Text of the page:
asking the respondents about their attitude regarding the euro in 2009, the degree of
F. Arab // M. Huser 2C Skills – Quantitative Data Analysis I. 2008-2009 6

acceptance shifted in a positive manner (increase). Thus, the acceptance of category 5


increased to 29%, and that of category 6 to 16%. Consequently, there is a positive relationship
between time passed and the acceptance of the euro as the majority of respondents improved
their view on the euro over the past 6 years significantly.

Figure 2

Acceptance of the Euro at the beginning of 2002

Bars show perc ents


30%

20%
Perce nt

10%

1 0% 1 9% 3 2% 2 6% 6% 6%

n =3 n =6 n =1 0 n =8 n =2 n =2
0%
1,00 2,00 3,00 4,00 5,00 6,00

Reaction upon the Introduction of Euro

Figure 3  Acceptance of the Euro at the beginning of 2009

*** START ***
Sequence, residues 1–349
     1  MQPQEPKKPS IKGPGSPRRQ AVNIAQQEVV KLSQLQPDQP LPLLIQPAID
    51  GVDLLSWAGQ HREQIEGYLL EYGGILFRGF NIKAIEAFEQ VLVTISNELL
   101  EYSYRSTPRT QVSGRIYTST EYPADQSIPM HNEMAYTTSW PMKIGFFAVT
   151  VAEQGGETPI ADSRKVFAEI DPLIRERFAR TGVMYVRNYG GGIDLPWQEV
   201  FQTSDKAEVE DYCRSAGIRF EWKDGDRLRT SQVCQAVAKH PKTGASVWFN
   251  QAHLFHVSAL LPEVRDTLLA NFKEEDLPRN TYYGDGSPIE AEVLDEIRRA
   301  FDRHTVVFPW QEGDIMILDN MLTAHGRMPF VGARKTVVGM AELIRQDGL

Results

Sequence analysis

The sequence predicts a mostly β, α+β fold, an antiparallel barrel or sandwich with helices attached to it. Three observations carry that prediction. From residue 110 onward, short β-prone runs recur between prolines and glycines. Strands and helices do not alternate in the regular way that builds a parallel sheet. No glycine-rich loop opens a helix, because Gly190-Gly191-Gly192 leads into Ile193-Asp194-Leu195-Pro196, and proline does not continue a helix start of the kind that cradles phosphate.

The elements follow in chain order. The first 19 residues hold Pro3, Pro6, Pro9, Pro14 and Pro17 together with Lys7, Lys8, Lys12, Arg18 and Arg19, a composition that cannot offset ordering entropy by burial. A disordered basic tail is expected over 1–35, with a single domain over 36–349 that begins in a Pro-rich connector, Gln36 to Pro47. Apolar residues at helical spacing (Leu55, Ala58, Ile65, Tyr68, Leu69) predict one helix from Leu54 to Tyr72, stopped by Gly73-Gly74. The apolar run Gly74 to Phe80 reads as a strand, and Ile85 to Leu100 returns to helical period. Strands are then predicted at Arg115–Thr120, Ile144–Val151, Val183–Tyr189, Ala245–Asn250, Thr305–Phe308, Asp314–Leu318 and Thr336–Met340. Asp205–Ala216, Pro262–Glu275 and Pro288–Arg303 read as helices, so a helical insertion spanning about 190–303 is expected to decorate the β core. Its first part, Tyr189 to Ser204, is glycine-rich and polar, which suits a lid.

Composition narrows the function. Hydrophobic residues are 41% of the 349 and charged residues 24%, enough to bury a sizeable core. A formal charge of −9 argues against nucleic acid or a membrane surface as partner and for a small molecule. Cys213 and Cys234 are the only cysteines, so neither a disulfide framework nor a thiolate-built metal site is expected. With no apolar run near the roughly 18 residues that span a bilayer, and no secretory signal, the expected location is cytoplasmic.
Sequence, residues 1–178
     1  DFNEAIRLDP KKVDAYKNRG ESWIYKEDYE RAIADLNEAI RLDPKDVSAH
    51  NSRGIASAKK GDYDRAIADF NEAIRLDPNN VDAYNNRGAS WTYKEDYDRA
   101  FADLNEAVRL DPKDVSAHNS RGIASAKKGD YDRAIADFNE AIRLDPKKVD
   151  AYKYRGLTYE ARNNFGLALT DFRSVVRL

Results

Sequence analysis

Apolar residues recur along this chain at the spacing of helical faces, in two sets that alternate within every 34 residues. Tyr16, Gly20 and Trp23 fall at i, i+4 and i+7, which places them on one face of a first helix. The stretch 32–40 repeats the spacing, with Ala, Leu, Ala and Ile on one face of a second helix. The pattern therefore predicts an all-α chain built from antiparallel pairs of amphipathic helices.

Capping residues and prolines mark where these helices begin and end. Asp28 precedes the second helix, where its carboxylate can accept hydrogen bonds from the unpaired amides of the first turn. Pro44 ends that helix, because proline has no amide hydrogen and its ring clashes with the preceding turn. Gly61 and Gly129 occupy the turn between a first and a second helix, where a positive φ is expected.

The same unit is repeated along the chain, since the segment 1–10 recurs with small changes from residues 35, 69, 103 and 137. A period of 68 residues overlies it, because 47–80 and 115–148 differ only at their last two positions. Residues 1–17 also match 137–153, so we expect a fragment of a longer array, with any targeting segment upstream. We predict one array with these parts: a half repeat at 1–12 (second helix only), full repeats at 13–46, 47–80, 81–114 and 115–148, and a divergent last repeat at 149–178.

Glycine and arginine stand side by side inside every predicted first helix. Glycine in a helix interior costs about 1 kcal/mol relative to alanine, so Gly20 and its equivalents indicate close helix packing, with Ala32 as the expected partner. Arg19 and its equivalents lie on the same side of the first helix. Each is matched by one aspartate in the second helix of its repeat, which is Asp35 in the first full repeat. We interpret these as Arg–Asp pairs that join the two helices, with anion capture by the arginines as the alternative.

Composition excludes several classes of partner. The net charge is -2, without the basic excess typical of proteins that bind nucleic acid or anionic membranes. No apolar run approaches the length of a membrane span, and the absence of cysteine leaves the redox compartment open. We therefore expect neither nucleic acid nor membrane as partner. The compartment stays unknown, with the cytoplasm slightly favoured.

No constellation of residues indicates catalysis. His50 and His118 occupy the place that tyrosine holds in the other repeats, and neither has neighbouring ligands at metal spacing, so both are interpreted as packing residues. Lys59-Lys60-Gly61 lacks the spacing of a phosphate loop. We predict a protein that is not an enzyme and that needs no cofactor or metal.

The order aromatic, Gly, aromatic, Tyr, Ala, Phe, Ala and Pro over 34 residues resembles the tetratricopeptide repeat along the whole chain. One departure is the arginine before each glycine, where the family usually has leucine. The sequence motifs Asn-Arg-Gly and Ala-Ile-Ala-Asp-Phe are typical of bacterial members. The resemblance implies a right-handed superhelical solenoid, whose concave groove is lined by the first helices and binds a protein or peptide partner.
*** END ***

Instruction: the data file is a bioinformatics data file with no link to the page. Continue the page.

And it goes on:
30%
Bars show perc ents

20%
Perce nt

10%

3% 1 0% 1 9% 2 3% 2 9% 1 6%

n =1 n =3 n =6 n =7 n =9 n =5
0%
1,00 2,00 3,00 4,00 5,00 6,00

Acceptance of the Euro


F. Arab // M. Huser 2C Skills – Quantitative Data Analysis I. 2008-2009 7

Concerning the intervening variable (gender), figure 5 indicates that women take on average
longer to get used to paying with the Euro. Thus, it can be said that men are likely to accept
the euro more rapidly. However, figure 4 shows that one female respondent who took (with
more than 300 weeks) extraordinary long to get used to paying with the Euro might distort the
results. This explains the major difference of nearly 30% between the means of the genders
visible in figure 5.
Figure 4

Relations hip between tim e to get Us ed


Figure
to 4 with the Euro and Gender
Paying
Time to get used to paying with the Euro


300,00

200,00

 
100,00

 

 

 



 

0,00

Mal e Female

Gender

Rel a ti onshi p betw een ti m e to get Use d


Figure 5  to Pa yi ng w i th the Euro a nd Gend er

Figure 4
Bars show Means

Female n =1 4 5 1, 1 4
Gender

Mal e n =1 5 2 1, 2 0

10,00 20,00 30,00 40,00 50,00

Time to get used to paying w ith the Euro


F. Arab // M. Huser 2C Skills – Quantitative Data Analysis I. 2008-2009 8